While villainous or even annoying characters have their place in literature, they’re not typically the ones that make us weep. To make a reader feel, we need to feel connected emotionally to a character, as though the character is someone we could befriend or at least admire in real life. Choose an accessible character with a personality that intrigues you. The characters we connect to most strongly are often characters with desires we share or can identify with. So give your character a passion or a dream. Whether it’s a desire to find her long-lost brother or a passion for boat-building, we like folks who dream big and who want things.

Choose an Accessible, but Painful, Obstacle

Here comes the most crucial part; that character must be put in harm’s way. We need to feel that character is in eminent danger, whether that danger is emotional or physical. Oddly enough, it’s the more intangible problems that make us feel the most. We feel excited if a character is surrounded by rabid bears, but we feel emotional (and downright weepy) if the character is surrounded by cold people who don’t understand her. Give your character a problem that is clear and identifiable, but that carries real emotional risks. Look no further than John Green for that classic example of a very real problem (cancer) that carries heavy emotional baggage with it. And remind us that your characters are normal human beings, who are struggling to deal with this in normal human ways. We don’t cry when super heroes can use their laser vision to get out of a mess; we cry when ordinary humans can’t.

Give your character an impossible choice.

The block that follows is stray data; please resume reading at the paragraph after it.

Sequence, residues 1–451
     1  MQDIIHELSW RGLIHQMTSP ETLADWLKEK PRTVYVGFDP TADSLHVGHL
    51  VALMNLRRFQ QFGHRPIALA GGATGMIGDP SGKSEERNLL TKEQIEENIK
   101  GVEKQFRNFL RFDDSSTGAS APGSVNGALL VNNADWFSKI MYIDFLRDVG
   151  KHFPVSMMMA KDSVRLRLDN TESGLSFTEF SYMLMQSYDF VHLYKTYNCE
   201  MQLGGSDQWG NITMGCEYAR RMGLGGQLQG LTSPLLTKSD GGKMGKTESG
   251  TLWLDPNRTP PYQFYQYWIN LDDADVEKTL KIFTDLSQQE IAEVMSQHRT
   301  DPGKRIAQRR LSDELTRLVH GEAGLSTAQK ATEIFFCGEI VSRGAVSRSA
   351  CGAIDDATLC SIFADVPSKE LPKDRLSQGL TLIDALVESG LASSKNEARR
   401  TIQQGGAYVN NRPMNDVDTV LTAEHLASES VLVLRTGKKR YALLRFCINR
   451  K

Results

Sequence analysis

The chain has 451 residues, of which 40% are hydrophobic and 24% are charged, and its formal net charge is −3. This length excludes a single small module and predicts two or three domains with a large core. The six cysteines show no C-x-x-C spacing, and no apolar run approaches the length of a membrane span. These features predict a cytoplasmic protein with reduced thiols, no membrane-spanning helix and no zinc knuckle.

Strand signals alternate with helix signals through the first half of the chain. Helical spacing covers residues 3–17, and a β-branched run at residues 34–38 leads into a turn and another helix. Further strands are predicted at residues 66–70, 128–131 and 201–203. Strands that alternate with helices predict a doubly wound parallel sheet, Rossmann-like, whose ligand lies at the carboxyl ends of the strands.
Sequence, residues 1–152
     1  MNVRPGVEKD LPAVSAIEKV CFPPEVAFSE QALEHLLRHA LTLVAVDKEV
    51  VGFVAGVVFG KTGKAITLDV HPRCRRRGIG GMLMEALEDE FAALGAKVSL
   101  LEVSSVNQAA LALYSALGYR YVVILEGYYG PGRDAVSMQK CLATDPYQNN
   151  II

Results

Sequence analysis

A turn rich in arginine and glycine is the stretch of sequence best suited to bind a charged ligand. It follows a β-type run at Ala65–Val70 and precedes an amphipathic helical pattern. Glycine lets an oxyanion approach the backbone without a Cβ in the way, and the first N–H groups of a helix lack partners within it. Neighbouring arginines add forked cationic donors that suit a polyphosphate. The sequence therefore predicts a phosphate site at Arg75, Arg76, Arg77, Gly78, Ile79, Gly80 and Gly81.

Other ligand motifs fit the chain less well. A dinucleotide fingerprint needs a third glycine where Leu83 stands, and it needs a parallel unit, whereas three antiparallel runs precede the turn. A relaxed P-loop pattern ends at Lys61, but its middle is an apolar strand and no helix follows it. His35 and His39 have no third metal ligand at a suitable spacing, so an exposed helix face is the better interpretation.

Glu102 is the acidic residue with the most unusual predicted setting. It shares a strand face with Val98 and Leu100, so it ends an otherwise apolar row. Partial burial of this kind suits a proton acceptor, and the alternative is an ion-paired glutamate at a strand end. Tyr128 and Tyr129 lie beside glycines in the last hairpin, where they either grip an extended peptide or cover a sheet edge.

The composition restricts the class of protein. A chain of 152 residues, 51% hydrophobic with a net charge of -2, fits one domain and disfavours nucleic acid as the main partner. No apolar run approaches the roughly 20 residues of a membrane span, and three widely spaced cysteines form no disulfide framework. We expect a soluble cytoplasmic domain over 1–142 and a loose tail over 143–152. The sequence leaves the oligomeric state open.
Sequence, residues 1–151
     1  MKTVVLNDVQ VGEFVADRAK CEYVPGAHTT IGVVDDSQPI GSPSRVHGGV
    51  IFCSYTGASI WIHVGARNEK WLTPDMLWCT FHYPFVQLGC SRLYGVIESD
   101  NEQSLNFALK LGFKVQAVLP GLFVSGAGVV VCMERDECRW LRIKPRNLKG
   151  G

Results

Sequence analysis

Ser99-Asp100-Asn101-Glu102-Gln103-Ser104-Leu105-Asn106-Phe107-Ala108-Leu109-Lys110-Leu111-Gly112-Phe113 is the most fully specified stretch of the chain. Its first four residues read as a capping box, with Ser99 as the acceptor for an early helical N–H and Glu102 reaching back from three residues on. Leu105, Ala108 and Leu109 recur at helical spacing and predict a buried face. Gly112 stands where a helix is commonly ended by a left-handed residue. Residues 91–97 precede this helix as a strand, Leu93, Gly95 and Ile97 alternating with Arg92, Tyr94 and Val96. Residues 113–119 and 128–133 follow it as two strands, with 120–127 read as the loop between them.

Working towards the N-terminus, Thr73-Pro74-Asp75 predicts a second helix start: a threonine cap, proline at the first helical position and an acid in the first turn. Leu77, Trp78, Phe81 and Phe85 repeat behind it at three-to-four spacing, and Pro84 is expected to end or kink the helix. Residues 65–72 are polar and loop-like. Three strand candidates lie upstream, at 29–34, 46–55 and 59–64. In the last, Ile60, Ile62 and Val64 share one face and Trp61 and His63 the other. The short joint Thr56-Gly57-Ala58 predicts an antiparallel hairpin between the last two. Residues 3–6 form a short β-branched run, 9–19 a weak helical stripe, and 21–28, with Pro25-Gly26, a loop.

You’ve set us up beautifully for tears now, but you’ve got to bring it home by presenting your character (and us) with a terrible choice. There can’t be one good and one bad choice here — there have to be downsides to either decision. After all, that is what feels most real to us; in real life we often have to choose the least bad choice out of a series of bad choices. Don’t let the problem be solved too easily. If you give a character a life-threatening illness, for example, it feels like a cop-out to suddenly discover a cure. If your character finds a long-lost brother, perhaps the brother is not the person she thought he would be. There must be complications, because life is messy, and that’s why life makes us cry sometimes.

Follow these steps, and your readers will be bawling in no time!

“Buddy” by BlondieBallet – A Storybird Review


Buddybuddy
by BlondieBallet
Format: Picture Book
Age range:
Published: March 20, 2014
Artist: Inkymum

Buddy is a heartwarming story about a deaf girl who longs for a dog. It gives a very warm message about sacrificing things you love for someone else, and how little good deeds can make someone’s world colourful. The narrator, Melanie, whose father teaches at a school for the deaf, takes her dog, Buddy, with her as she waits for her father. She meets another girl, Jackie, who has hearing problems but communicates using sign language. Jackie likes her dog because it reminds her of one of her therapy dogs, and as she plays with Buddy, Melanie sees Jackie’s face light up and offers her to keep the dog.

Buddy is written in a beautiful manner, with matching pictures which complement the story perfectly. It gives loads of positive messages, and is recommended for readers 8+.